October 03, 2014
Northwestern quarterback Trevor Siemian (13) passes during the second quarter of an NCAA college football game against Penn State in State College, Pa., Saturday, Sept. 27, 2014. (AP Photo/Gene J. Puskar)
Gene J. Puskar

EVANSTON, Ill. (AP) The last time Wisconsin won at Northwestern, Ron Dayne was making his run for the Heisman Trophy and the Badgers were on the way to the Rose Bowl.

Yes, it has been that long.

The 17th-ranked Badgers bring a three-game winning streak into their Big Ten opener on Saturday at Northwestern, hoping for their first road win against the Wildcats since 1999.

Wisconsin (3-1) followed a season-opening loss to LSU in Houston with victories at home over Western Illinois, Bowling Green and South Florida.

''It's tougher to win on the road,'' quarterback Tanner McEvoy said. ''Definitely, that LSU game was definitely a great experience for everyone, especially the young. So, they'll learn from that. I don't think it will be too big a deal traveling to Northwestern, but I know we're looking forward to it. I know they had a big win this weekend.''

The Badgers have dropped three straight at Northwestern, most recently in 2009. Wisconsin beat the Wildcats at home last year after the teams did not play each other in 2011 and 2012. They will now meet annually as members of the Big Ten West.

Northwestern (2-2, 1-0) is coming off a 29-6 victory at Penn State last Saturday. It has won two in a row after dropping its first two at home to California and Northern Illinois.

Here are several things to look for when the Badgers visit the Wildcats:

RUN FOR IT: Wisconsin leads the nation in yards per carry at 7.04 and ranks No. 3 in rushing at 343.3 per game, with Melvin Gordon leading the way. He comes in with 612 yards on the ground and needs 60 more become Wisconsin's 11th 3,000-yard rusher.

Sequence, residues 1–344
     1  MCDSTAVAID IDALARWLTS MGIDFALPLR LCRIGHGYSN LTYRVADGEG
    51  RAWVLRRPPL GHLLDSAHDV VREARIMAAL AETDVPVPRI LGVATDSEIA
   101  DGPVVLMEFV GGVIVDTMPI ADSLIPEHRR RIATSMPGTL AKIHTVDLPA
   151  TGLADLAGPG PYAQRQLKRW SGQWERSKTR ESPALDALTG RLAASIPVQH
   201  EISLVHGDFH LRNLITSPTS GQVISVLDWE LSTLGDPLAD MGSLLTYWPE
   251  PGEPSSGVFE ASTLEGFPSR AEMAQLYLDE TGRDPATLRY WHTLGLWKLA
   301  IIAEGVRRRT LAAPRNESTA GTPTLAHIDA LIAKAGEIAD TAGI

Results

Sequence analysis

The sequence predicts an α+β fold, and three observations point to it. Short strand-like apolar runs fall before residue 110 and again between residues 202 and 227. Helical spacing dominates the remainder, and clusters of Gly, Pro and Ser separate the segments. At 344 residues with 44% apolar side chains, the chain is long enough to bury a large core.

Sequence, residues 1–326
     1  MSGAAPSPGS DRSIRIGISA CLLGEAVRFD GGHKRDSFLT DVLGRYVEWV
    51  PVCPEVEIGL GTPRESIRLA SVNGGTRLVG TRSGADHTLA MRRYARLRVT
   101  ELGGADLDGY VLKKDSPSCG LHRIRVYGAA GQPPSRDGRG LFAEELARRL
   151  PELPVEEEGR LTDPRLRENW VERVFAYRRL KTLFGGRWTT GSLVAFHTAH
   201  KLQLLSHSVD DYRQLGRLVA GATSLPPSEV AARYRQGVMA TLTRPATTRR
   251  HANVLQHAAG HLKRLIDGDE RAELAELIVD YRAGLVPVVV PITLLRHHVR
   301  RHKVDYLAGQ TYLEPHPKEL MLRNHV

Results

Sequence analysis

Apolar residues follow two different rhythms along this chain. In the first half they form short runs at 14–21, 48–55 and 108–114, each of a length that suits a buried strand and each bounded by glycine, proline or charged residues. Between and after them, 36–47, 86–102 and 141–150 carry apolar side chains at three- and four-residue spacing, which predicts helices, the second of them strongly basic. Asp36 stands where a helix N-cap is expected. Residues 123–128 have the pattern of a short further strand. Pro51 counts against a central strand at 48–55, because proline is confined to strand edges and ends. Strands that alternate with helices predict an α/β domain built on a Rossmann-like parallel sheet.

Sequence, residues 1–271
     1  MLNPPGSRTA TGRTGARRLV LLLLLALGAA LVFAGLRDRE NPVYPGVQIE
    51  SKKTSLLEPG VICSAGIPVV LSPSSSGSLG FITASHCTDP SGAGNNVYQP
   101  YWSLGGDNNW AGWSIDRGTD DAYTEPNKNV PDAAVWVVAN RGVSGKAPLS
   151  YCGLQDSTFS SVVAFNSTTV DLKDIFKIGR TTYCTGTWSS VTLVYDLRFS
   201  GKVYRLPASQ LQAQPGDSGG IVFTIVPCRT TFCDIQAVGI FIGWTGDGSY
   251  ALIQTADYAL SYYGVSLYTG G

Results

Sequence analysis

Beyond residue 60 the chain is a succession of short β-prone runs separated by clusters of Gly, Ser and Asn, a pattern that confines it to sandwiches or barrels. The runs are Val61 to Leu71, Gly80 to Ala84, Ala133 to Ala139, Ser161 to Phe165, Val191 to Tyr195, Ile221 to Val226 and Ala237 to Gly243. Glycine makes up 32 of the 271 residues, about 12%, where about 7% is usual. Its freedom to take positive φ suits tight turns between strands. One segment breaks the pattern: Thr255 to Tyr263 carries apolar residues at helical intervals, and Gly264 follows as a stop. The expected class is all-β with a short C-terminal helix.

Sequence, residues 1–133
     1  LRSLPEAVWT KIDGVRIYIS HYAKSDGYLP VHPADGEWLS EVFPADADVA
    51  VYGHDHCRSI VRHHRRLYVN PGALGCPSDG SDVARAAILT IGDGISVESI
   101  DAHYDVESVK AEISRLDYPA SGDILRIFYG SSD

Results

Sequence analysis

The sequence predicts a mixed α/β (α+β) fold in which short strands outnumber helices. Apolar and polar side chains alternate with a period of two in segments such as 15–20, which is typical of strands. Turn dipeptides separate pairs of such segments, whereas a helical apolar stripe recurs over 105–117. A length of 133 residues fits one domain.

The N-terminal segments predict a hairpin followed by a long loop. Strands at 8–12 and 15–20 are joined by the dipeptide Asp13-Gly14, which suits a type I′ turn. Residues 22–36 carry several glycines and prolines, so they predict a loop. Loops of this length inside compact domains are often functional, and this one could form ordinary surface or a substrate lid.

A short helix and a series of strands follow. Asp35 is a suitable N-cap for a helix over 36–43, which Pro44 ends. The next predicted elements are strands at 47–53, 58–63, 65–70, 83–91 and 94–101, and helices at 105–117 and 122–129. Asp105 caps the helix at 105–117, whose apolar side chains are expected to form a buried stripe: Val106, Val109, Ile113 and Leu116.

Clearly, the Badgers figure to test Northwestern's defensive line. The Wildcats got high marks against Penn State last week, holding the Nittany Lions to 50 yards rushing on 25 attempts while registering four sacks.

SPEED IT UP: Three straight wins by at least 17 points would indicate on the surface that Wisconsin is making it look easy since a season-opening loss to LSU. Well, not exactly. In all three games, the Badgers didn't pull away until the second half.

''If we're going to win all the games we want to win, we're going to have to have an all-around performance from everyone from the start of the game to the finish of the game,'' McEvoy said. ''We've got to work on fixing that.''

NO PRAISE FOR THE VICTORS: Never mind that Northwestern's win at Penn State was its most lopsided road win in coach Pat Fitzgerald's nine seasons. The Wildcats weren't exactly patting themselves on the back. Some special teams mistakes allowed Penn State to build some temporary momentum, and Fitzgerald thought Northwestern could have scored 30 more if not for some missed chances.

''Fifty-nine points to six sounds like a pretty darn good performance, and I think that's what we left out there,'' he said.

STRANGE LINE: Northwestern quarterback Trevor Siemian might not have another performance like the one he turned in last week, particularly when it comes to his rushing statistics. Siemian threw for 258 yards and ran for three touchdowns. But he finished with a net of minus-8 yards rushing on five carries.

ROTATION RETURN: Joel Stave is back in the mix as McEvoy's backup at quarterback after struggling with some throwing issues.

Stave has started 19 games for the Badgers, but he lost the top spot in training camp because of McEvoy's mobility and his own declining performance. Stave threw for just under 2,500 yards last season. He missed time in the spring after injuring his shoulder in the Capital One Bowl in January, but his throwing problems were not related to that.

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